My mother lives on her own and never needs help but I leave my phone turned off for weeks at a time because she leaves messages in a hysterical tone of voice that upsets me for days.

In high school I had phone phobia and didn't use the phone for two years. It never went away entirely and is getting worse with her calls. To me phones are like bombs that could explode at any minute.
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geeez, thank goodness for this forum.
mom calls with several issues/questions, +/-10x each within 1-3 days - forgetting that we've already discussed [within those 1-3 days]
this disease is boggling my mind with its cruelty - removing dignity from afflicted person - and - baffling baby-boomer caregivers
Helpful Answer (6)

Um. I think OCC's mother's confusion is considered by her doctors, caregivers, daughter, people who know her to be more attributable to dementia than to lack of conversation.

Though it is certainly true that loneliness and isolation are no good for anybody's mental health.

Fortunately, this lady has lots of nice people around her who can help her use the telephone as needed, and can chat to her the rest of the time.
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In a word. No. You’ve clearly explained all the reasons why a phone isn’t a good idea.
Does she use the facility phone? Or rather has she used it since she has been there?
It sounds like it would be very frustrating for her trying to use the phone based on her current limitations.
Although the younger generation would never believe it today, humans did just fine without phones. I’m assuming she interacts with people face to face where she is rather than over a phone.
If there are those she misses talking to perhaps you can bring your cell phone and make a prearranged call as a special treat for her. If it’s a success you can do that often. If it’s too difficult discontinue.
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I am wondering about doctor visits and ALFs, also. The ALF my mother should be in (and I hope ends up in, if she ever agrees to go to one) doesn't have a doctor that visits, but does have van service to doctor appointments.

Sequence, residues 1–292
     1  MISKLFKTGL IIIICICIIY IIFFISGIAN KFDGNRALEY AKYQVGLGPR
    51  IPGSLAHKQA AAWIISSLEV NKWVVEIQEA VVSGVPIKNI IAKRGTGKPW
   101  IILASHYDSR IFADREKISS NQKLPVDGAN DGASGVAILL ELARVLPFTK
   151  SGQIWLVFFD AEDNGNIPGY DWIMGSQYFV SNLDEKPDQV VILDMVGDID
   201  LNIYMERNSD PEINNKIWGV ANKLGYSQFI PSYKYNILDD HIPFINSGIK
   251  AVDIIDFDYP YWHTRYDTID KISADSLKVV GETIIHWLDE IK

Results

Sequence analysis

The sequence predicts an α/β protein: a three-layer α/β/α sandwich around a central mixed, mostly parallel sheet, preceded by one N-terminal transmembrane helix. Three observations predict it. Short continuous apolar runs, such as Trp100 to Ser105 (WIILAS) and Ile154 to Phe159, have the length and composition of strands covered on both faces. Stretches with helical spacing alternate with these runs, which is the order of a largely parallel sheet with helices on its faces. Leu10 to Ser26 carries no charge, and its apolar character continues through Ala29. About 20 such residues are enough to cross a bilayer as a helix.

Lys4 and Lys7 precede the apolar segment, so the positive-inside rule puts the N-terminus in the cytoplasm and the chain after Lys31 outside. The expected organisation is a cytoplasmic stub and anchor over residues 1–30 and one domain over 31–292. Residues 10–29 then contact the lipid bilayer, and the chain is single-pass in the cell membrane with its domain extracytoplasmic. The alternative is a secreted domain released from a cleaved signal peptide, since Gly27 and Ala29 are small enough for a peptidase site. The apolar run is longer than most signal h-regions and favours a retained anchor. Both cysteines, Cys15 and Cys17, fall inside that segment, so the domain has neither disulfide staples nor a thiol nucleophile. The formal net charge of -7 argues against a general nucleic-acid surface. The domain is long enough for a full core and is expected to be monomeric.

My question is just how workable are these van services? My mother takes forever to walk anywhere, needs to have the elevator door held open or she panics, can get turned around sometimes and not know the way out, etc. If the van takes them, are they just dropped off and expected to be totally self-sufficient beyond that?

(I'm sure my mother would expect me to still be her taxi service if she were in an AL; would consider herself too good to take the van. My thought would be that she is PAYING for that service, and should therefore utilize it. Besides, she doesn't allow me in the back for medical appointments, anyway. But I'm sure there would be a temper tantrum -- in her case, a crying/shaking fit -- because in her mind I OWE her.)

The phone is another good point. I don't want my mother to be calling me all the time with complaints/demands/etc.
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The same tips OnlyChildCarere wrote above was what I was going to write. We removed dad's phone while he is in SNF/ Rehab and it’s been wonderful not having him call me. It saved my sanity. But since he has no STM, I write and leave notes taped for him. Yesterday it was about our plans for Christmas holidays so he can refer to it as needed. I do the same for other situations. I have a calendar hanging up to write things on too.  
My dad's AL facility has doctors that will take on residents as patients. They come there to see them every 6 weeks. Does your mom's ALF have that too? It’s been wonderful as they can order labs, prescriptions etc and I don’t have to transport him.